The Court of Appeal has added what it has termed “a modest gloss” to the principles on when the court will restrain use of a privileged document disclosed in error, on the basis that there has been an obvious mistake. The court may grant relief where the solicitor inspecting the document does not spot the mistake, but refers the document to a colleague who appreciates the error before use is made of the document: Atlantisrealm Limited v Intelligent Land Investments (Renewable Energy) Limited [2017] EWCA Civ 1029.

The question before the court is therefore not only what the first reviewer of a document appreciated, but also what other (including more senior) members of the team later appreciated (or presumably should have appreciated) when the document was shown to them.


CPR 31.20 provides: “Where a party inadvertently allows a privileged document to be inspected, the party who has inspected the document may use it or its contents only with the permission of the court.”

In Al-Fayad & Ors v The Commissioner of Police for the Metropolis & Ors [2001] EWCA Civ 780 the Court of Appeal reviewed the operation of CPR 31.20 and formulated a number of principles. The starting point is that where a party has given inspection of documents and included privileged documents by mistake, it will in general be too late to correct the mistake by obtaining injunctive relief. However the court has jurisdiction to intervene where justice requires, including where the documents have been made available for inspection as a result of an obvious mistake.

A mistake is likely to be held to be obvious where the solicitor receiving the documents appreciated that a mistake had been made before making some use of the documents or it would have been obvious to a reasonable solicitor in his position that a mistake had been made.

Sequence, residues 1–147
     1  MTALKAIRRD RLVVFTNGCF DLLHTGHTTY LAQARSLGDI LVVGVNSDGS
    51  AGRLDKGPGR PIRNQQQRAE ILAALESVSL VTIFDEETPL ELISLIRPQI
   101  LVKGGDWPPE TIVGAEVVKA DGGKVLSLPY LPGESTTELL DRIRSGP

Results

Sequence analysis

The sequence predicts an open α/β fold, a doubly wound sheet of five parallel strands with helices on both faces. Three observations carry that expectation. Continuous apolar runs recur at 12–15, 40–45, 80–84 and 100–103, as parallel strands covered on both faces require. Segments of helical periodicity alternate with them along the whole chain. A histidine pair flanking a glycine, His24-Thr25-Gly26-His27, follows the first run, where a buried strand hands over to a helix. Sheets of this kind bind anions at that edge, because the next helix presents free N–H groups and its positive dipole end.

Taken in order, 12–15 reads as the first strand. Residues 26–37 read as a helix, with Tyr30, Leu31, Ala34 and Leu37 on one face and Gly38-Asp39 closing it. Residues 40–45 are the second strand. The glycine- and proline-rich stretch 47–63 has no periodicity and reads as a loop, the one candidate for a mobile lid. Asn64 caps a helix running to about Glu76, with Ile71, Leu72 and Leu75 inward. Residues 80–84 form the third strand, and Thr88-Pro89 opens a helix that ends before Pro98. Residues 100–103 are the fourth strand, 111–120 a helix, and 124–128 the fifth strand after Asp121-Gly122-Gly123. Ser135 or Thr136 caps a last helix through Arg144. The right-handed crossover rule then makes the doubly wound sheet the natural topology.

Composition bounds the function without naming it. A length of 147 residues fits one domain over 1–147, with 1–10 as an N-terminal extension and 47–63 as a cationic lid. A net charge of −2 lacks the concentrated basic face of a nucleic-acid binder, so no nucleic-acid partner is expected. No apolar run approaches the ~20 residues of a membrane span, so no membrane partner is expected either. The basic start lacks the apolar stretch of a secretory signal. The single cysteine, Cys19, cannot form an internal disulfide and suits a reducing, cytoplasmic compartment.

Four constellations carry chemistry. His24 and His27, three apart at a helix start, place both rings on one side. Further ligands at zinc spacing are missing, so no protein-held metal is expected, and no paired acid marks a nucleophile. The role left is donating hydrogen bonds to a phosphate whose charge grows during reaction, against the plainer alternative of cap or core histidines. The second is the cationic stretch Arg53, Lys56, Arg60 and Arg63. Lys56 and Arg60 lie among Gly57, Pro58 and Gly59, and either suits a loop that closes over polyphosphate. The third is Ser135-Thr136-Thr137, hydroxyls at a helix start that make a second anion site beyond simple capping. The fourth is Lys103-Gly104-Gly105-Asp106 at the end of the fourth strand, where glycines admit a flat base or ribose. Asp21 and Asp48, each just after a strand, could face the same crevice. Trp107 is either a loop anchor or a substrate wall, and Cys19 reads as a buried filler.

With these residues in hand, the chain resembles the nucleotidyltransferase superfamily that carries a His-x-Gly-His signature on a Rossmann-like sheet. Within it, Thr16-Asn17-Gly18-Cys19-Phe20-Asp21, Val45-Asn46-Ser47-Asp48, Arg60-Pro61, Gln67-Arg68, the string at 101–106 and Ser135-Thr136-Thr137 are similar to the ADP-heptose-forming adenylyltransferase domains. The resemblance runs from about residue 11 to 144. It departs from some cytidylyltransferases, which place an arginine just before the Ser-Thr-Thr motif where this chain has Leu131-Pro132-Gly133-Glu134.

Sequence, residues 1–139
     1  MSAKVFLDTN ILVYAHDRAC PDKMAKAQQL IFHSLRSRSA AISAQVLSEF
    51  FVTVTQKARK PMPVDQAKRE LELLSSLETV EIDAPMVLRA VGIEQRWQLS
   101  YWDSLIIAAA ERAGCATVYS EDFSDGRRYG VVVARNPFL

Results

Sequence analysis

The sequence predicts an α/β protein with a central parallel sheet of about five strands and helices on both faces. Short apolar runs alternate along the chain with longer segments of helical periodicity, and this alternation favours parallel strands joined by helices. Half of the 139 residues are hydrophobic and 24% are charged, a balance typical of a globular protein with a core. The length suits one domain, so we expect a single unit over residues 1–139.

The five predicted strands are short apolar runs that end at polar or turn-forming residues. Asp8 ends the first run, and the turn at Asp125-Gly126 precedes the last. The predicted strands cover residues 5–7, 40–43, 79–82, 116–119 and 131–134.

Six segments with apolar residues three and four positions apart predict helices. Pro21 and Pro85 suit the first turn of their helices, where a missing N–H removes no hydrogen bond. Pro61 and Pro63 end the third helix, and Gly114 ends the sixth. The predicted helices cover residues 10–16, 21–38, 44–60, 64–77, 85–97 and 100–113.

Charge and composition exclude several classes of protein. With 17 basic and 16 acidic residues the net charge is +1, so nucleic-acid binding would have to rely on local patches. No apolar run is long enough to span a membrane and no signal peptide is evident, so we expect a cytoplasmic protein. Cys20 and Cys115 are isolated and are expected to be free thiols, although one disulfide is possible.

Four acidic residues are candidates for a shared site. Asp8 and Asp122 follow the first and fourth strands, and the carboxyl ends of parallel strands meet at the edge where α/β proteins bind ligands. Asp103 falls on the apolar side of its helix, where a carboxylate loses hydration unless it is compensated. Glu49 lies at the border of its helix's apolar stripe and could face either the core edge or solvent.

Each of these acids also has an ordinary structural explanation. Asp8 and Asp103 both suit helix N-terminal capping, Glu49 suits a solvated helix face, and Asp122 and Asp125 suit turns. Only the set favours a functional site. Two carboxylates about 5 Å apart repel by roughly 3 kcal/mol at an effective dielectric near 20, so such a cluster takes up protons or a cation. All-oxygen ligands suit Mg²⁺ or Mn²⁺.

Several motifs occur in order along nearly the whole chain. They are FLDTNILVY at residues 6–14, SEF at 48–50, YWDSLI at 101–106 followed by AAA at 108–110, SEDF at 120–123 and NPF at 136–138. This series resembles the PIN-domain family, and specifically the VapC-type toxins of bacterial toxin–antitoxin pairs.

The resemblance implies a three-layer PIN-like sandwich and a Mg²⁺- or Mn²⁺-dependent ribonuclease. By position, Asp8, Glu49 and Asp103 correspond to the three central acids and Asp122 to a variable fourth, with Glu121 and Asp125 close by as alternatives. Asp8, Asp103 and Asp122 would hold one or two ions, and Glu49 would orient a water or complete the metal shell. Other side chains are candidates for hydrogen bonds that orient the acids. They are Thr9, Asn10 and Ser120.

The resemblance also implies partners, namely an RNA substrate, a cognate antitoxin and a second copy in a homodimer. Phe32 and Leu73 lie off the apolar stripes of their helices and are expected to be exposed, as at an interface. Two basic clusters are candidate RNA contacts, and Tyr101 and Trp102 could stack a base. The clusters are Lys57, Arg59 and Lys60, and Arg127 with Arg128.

Where a solicitor gives detailed consideration to the question whether the documents have been made available for inspection by mistake and honestly concludes that they have not, that will be a relevant and in many cases an important, pointer to the conclusion that it would not be obvious to the reasonable solicitor that a mistake had been made, but it is not conclusive.

In Rawlinson & Hunter Trustees SA & Ors v Director of the Serious Fraud Office No 2 [2014] EWCA Civ 1129 (see post here) the Court of Appeal emphasised that just because a document was obviously privileged did not necessarily mean it had obviously been disclosed by mistake.


The underlying case concerned alleged breaches of certain warranties in an SPA. The defendant’s lawyers in the litigation, GD, disclosed 4,891 documents, including approximately 150 emails involving the defendant’s lawyers in the corporate transaction, SW.

The intention was to disclose SW documents that GD had concluded were not privileged, ie documents which were common to the parties or progressed elements of the transaction and did not contain any element of advice. The disclosure included, however, an email from SW to the defendant commenting on the draft SPA. That email, whilst not fatal to the defendant’s case provided “useful ammunition” for the claimant regarding how the warranties were to be construed.